Remebering 9/11

I was born on January 8, 1999—two years prior to the terrorist attack called 9/11, a tragic event that truly devastated the country like never before. It sounds insane to me that the tragedy occurred around the time I was an infant, but it sounds even more insane to me that I was given the opportunity to see the monuments in person a couple years later…

Early in the morning on September 11, 2001, a plane suddenly crashes through one of the twin towers in New York City. Cloud explosions burst out from the top of the tower, and a lot of yelling and obscenity arises from the crowd beneath. Without hesitation, the people start running for their lives. They run even faster when another plane crashes into the other tower. And as the towers gradually begin leaning, the most catastrophic scene occurs: the people from the towers start jumping off! I can only imagine the horrible dilemma that they had to go through, which was to either be burnt alive or to jump out of the window only to splat into the ground. Not only this, but “a third plane hit the Pentagon just outside Washington, D.C., and the fourth plane crashed in a field in Pennsylvania.”

All the blame goes to a small Muslim group called the “Al-Qaeda.” They felt the need to take extreme measures in order to spread their religion across the world. America was their primary target because everything that it stands for, that is—“one nation under God, indivisible with liberty, and justice for all,” goes completely against their beliefs. The terrorist group admitted that they “killed nearly 3,000 people, making it the worst attack on the United States in history,” in other words, war was declared by them.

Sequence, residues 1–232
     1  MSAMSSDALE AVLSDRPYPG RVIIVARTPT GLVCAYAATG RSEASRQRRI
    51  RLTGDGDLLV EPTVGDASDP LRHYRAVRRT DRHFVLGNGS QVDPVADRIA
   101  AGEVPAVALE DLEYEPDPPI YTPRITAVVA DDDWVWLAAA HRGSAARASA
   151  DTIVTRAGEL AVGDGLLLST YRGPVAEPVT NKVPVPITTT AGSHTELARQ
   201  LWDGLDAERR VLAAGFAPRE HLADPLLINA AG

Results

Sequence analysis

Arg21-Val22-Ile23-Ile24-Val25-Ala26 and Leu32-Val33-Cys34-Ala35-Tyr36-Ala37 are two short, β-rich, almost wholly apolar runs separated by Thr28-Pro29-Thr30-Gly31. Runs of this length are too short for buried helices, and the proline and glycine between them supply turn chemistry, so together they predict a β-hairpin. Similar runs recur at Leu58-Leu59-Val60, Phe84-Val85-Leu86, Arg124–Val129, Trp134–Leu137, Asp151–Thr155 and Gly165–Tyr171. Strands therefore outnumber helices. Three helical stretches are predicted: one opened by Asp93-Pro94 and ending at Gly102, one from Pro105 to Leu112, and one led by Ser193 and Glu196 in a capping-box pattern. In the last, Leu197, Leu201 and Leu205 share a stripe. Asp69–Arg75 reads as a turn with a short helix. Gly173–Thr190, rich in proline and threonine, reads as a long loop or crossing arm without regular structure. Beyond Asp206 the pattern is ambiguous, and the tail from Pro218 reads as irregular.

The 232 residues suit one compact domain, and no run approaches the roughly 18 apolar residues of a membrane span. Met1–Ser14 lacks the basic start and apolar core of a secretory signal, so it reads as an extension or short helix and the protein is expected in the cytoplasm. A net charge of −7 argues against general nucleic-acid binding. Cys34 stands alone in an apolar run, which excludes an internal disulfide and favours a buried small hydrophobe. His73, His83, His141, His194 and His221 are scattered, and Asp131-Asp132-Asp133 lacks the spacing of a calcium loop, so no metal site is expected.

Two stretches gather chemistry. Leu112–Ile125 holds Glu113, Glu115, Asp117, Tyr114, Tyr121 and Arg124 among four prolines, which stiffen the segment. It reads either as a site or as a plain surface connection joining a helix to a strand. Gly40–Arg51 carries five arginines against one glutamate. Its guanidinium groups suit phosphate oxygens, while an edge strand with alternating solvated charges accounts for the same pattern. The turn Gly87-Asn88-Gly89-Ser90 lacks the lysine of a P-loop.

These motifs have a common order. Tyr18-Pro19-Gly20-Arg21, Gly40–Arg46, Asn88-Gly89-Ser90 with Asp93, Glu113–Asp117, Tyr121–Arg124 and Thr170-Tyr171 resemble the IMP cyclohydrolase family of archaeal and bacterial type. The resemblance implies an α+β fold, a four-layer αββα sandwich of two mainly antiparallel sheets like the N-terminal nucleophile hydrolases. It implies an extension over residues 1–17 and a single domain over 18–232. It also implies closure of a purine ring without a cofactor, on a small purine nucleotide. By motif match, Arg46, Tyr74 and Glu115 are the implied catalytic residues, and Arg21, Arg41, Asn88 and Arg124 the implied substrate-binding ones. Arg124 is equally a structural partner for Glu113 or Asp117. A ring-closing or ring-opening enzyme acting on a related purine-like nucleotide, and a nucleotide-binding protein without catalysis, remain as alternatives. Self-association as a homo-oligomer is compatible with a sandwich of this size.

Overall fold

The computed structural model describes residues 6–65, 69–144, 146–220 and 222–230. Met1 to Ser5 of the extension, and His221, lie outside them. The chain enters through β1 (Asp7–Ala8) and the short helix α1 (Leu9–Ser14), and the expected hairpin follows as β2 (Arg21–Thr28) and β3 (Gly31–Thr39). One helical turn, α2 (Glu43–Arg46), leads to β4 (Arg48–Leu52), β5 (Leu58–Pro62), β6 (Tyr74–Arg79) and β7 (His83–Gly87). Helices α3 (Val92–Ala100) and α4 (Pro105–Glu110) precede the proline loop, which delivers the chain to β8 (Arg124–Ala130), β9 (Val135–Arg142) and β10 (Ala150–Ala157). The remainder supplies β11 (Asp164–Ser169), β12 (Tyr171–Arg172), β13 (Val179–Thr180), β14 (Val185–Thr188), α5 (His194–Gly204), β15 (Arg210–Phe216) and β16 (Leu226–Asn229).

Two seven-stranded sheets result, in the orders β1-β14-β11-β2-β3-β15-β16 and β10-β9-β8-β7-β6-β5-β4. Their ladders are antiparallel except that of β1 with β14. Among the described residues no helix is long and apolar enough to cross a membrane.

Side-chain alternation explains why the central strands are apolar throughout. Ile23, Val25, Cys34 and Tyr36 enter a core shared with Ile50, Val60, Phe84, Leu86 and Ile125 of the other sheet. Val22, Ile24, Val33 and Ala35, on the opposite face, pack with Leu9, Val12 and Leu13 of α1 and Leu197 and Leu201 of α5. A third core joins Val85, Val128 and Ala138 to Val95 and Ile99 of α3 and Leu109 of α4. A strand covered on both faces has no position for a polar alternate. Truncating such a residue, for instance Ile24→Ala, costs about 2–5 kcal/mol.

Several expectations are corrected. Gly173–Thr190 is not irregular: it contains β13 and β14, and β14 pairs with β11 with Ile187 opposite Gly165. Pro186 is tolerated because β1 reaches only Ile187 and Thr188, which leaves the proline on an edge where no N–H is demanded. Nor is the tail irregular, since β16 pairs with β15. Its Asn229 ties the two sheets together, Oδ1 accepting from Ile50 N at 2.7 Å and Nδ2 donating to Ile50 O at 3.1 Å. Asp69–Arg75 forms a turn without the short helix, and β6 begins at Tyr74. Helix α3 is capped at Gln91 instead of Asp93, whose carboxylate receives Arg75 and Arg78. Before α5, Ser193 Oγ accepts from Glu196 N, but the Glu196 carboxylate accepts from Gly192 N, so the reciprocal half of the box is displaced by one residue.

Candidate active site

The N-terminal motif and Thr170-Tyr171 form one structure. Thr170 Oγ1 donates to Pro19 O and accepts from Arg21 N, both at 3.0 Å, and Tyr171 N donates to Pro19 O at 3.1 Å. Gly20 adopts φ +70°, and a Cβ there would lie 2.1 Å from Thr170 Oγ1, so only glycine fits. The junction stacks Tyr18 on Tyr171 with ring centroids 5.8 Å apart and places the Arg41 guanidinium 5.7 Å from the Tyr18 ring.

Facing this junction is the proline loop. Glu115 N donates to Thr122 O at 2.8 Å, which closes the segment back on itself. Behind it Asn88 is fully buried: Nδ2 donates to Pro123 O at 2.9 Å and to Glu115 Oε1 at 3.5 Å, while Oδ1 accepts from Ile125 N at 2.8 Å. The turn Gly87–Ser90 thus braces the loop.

I practically said yes to every opportunity I encountered when I was in high school. Eventually, I found an opportunity to travel to the east coast to visit historical figures, one of which was the National September 11 Memorial and Museum. The memorial is located at the World Trade Center site, where the Twin Towers were once standing.

When I visited the memorial, I saw the reflecting pools in which the water flowed down into something that looked like a maelstrom. I notice a plaque surrounding the pools, and saw small American flags attached to the names of the victims.

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Of course, each small American flag was there to commemorate each victim;but most importantly, its purpose was to remind the people that the victims were Americans, and that 9/11 could have killed them as well–it literally could have been anyone. Therefore, it is vitally important to honor those were unlucky, those whose lives were unfairly taken away, and those who could impacted the world for the better.

As I looked at the reflecting pools, I admired the water, which looked like bits of crystals flowing down to the center. The construction of the pools was symmetrical and precise because each wall seemed to have the same measurements. I felt a deep appreciation for the memorial as I looked around and saw different faces ranging from a variety of skin tones—I saw the American people together as one, appreciating the memorial just as much as I was.

There are a lot of memorials across the nation, including in other countries; but the September 11 Memorial and Museum, at least to me, delivered the message stating that is always important to remember the past not only to prevent it from repeating the same scenario because anything spontaneous, like 9/11, can occur at any time. Last but not least, live life to the fullest is what I ultimately got out of the memorial.

 

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